Municipalities: Land Use Case Law Update (Fall 2010)

September 21, 2010

We received a positive reaction to our 2009 Planning and Zoning Case Law Update Briefings Series and decided not to wait until the end of the year to provide an update. Starting this fall, we will be sending out periodic electronic newsletters to highlight any significant new cases or other relevant developments in the land use field.

These newsletters will translate the legal developments into practical advice that can be used by local land use board members as well as by real estate and land use professionals in their day-to-day activities.

Court of Appeals Weighs in on Extent of Non-Conforming Use: Jones v. Town of Carroll

The state's highest court extended the doctrine of "non-conforming uses" in a third decision within the span of about a year. Non-conforming uses are those that were legal when started but which subsequently have been prohibited or limited through changes in the zoning code. If an activity has non-conforming use status, it is entitled to continue, the change in zoning notwithstanding. A controversial question has been the geographical extent over which a non-conforming use has been established.

In cases involving landfills or mines where the use typically moves from one portion of the property to another over time, the Court held that the entire property may be entitled to non-conforming use status, even where a large portion of the site is undeveloped. To enjoy non-conforming use status, the owner must show that the parcel was fully approved by the local government for the use and must also objectively demonstrate an intent to put the parcel fully to that use.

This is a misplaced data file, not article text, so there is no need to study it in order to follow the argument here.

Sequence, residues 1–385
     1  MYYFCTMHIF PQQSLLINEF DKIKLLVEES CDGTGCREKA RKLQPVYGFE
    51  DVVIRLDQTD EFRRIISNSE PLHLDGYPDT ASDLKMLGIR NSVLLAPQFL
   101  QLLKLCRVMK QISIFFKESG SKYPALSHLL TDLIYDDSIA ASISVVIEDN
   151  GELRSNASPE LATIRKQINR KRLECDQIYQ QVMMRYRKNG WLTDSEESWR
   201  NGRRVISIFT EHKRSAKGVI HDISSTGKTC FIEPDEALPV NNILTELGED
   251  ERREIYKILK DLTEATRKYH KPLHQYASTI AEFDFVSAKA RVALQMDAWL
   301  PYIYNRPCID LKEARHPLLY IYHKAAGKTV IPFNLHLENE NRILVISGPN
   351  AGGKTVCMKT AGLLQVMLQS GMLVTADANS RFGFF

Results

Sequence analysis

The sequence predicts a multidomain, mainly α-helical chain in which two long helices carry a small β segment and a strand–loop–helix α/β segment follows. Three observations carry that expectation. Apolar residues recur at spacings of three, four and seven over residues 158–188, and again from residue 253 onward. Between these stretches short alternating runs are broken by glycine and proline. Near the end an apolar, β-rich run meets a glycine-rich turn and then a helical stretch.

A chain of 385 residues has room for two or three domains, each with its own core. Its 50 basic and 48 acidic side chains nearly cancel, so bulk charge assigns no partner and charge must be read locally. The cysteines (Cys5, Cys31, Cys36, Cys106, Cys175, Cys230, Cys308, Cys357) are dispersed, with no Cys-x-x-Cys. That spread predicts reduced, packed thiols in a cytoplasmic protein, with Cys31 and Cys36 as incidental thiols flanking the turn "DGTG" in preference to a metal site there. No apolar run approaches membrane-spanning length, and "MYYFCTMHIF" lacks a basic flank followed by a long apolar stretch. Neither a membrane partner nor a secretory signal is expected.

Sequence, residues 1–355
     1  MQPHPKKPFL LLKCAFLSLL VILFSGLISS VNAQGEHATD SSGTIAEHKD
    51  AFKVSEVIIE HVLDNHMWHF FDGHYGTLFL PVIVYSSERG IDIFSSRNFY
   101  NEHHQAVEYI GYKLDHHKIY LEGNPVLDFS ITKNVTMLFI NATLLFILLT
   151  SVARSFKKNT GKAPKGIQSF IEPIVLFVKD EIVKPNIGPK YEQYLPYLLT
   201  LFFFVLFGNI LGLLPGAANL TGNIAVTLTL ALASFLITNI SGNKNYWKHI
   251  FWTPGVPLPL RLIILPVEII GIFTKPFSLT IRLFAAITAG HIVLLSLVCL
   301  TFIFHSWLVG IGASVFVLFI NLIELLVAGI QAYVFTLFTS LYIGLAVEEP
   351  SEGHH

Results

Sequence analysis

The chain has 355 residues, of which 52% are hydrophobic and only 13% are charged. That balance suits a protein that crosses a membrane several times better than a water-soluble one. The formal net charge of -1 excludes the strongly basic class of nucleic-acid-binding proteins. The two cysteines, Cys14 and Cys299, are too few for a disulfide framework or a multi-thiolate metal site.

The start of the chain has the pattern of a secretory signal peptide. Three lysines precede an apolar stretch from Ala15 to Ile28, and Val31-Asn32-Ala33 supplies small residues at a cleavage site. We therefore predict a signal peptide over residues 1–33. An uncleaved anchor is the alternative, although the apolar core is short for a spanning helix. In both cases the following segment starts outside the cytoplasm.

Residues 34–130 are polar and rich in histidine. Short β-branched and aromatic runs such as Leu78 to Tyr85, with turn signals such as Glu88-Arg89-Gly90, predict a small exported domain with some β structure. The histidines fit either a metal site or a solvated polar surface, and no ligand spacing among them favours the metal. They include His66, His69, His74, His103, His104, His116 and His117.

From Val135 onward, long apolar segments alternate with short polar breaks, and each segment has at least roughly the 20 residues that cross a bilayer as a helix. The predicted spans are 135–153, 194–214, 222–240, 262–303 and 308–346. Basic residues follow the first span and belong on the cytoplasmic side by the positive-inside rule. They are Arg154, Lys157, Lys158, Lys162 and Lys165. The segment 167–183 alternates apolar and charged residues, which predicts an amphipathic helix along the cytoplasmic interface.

Land use boards should take care to make sure any approvals granted specify the extent of the authorization, geographic and otherwise. In situations where development is sequential, the authorization should indicate the point, if any, at which additional approval will be needed. Local governing bodies should review local laws which specify the extent to which non-conforming use may be expanded as of right.

Developers who intend to develop properties in phases should endeavor to make their intent clear from the outset. They should seek objective ways of demonstrating that intent. For instance, SEQRA documents should clearly specify the full extent of the proposed project. To the extent that State permits are needed, developers should seek permits which cover the entire extent of the site, particularly where local regulation is minimal or non-existent.


The Court of Appeals has broadly interpreted the extent of non-conforming uses at sites where development is sequential. Although these rulings were issued in the context of mining and landfill cases, in the future, the Court may apply similar reasoning to other projects which are developed in phases.

Federal Court Limits Local Basis for Regulating Cell Towers: Verizon v. Town of Clarkstown

The federal appeals court with jurisdiction in New York struck down key provisions in a local law regulating cell towers. The defect related to the Town's attempt to specify preferred cellular technologies. The Court held that the Federal Telecommunications Act leaves the regulation of all technical aspects of telecommunication to the exclusive jurisdiction of the Federal Communications Commission (FCC).


Local governments must regulate cell towers through the control of impacts that are within the purview of zoning. Rather than choose preferred technologies as a surrogate for ensuring a level of acceptable impacts, they must regulate the impacts directly. If such regulation has an incidental impact on the choice of technology, such an approach will likely be found to be permissible.

Cell tower developers should have their antennas up (pun intended) for any local requirement that specifies a preferred technology or addresses any other technical requirement under the guise of zoning. If particular impacts of concern can be identified, the developer may address those concerns by the use of any technology acceptable to the FCC.

For further information on these cases or on other land use issues, please contact: Robert H. Feller, Esq. at 518-533-3222 or